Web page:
Any company that keeps digital records of customer data needs to take security seriously. This is especially true for companies like senior living providers, whose data may include medical records, social security numbers, and other pieces of sensitive information above and beyond the phone and credit card numbers that businesses like retailers have to worry about.
In fact, healthcare data may be even more valuable to hackers than financial information, because it can be used for so many different purposes, like obtaining medical services and committing identity theft. For this reason, cybersecurity experts have named 2015 the “Year of the Healthcare Hack.” This designation seems to be coming true -- earlier this year, health insurance giant Anthem reported a security breach that affected between 9 and 19 million people.
How can senior living companies protect themselves from cybersecurity breaches?
Taking the proper precautions to ensure your data is safe will give your residents peace of mind and prevent your business from the headache of hackers.
One challenge for senior living is that there is not an established set of industry-wide best practices for companies to follow. However, the basic tenets of cybersecurity are the same regardless of industry. Here are three things senior living companies can do to protect themselves from data security breaches.
Know the risks in your organization
The first step on the road to keeping your data safe is to understand your risks. According to research by CIO.com, here are the six biggest causes of business security risks:
Careless or uninformed employees
Mobile services (BYOD)
Unpatched or unpatchable devices
Third-party service providers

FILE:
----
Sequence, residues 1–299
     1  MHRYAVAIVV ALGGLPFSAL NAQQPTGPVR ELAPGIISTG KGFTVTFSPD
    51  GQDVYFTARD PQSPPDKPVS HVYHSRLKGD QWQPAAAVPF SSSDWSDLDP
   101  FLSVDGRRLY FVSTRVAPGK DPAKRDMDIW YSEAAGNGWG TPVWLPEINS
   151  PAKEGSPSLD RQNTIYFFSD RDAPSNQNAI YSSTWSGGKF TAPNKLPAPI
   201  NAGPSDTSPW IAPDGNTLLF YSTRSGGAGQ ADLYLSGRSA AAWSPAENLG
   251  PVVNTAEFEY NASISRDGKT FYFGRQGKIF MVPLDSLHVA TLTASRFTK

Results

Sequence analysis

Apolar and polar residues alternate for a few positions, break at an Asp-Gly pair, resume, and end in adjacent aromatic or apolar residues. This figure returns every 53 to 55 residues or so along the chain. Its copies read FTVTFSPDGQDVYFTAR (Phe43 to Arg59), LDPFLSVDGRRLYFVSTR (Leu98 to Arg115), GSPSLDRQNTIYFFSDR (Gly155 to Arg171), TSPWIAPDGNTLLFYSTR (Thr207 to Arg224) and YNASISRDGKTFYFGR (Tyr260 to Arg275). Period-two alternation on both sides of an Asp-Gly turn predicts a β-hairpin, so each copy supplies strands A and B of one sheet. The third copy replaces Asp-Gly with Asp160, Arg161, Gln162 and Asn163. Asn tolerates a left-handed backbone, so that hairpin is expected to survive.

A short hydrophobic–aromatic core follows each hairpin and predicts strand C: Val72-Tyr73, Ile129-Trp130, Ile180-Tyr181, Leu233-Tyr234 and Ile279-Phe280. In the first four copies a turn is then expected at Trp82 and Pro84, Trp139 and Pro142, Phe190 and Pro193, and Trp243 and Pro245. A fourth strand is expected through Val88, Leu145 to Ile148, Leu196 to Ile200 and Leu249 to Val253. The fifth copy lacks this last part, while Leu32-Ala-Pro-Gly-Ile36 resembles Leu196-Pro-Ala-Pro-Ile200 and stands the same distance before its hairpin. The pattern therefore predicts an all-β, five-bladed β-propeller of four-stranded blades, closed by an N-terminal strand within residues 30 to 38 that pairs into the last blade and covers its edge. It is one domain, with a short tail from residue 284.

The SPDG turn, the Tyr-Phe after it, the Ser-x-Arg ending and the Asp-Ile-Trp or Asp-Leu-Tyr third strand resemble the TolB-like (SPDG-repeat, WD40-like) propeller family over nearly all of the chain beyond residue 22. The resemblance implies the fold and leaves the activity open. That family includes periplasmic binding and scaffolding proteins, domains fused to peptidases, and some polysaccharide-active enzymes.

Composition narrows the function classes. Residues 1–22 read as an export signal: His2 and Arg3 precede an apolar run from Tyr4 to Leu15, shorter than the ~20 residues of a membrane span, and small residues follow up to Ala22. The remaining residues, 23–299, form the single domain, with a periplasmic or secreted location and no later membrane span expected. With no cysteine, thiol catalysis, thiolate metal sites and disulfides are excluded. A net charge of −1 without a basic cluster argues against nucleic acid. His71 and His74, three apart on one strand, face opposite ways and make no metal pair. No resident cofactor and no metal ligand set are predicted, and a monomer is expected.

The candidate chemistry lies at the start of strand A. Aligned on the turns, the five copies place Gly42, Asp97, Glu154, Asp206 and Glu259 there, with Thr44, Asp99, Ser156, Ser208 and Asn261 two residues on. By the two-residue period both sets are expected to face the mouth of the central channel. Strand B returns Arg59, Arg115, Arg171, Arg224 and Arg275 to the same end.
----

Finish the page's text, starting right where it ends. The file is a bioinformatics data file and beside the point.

Half of these -- disgruntled employees, careless or uninformed employees, and unpatched or unpatchable devices -- are things you should make every effort to avoid. The other three, however, are core technologies used in business today, so the key is to learn how to use them safely. For example, ensure that the cloud applications and third-party service providers with whom you contract are using the latest security technologies to keep your data safe. The CIO.com article provides solutions to help you mitigate all of these risks.
Provide security awareness training
In many instances, the biggest security risk isn’t the technology, it’s the people -- for example, employees who don’t lock their workstations when they leave, who have weak passwords, or who use unsecure mobile apps. Therefore, training your employees about cybersecurity -- what the risks are, how to avoid them, and what to do if a breach occurs -- is one of the most impactful steps you can take.
Ensure HIPAA compliance
The best approach to maintaining cybersecurity is to adhere to Health Insurance Portability and Accountability Act (HIPAA) and Health Information Technology for Economic and Clinical Health Act (HITECH) standards. This is especially important for mitigating risk posed by using cloud applications and third-party software.
Here are five questions to ask to help you determine if a vendor is HIPAA-compliant and using the latest security methodologies:
How is the data encrypted, both in transit and at rest?
Where is the data stored? (For HIPAA, data servers must be located in the United States.)
What processes are in place to set and track user permissions?
What processes are in place to track who accesses what information?
What is the response and notification strategy for if a breach occurs?
Senior living providers can’t afford to take security lightly. These three steps aren’t a complete security solution, but they are a solid start toward protecting your residents and your company from security threats.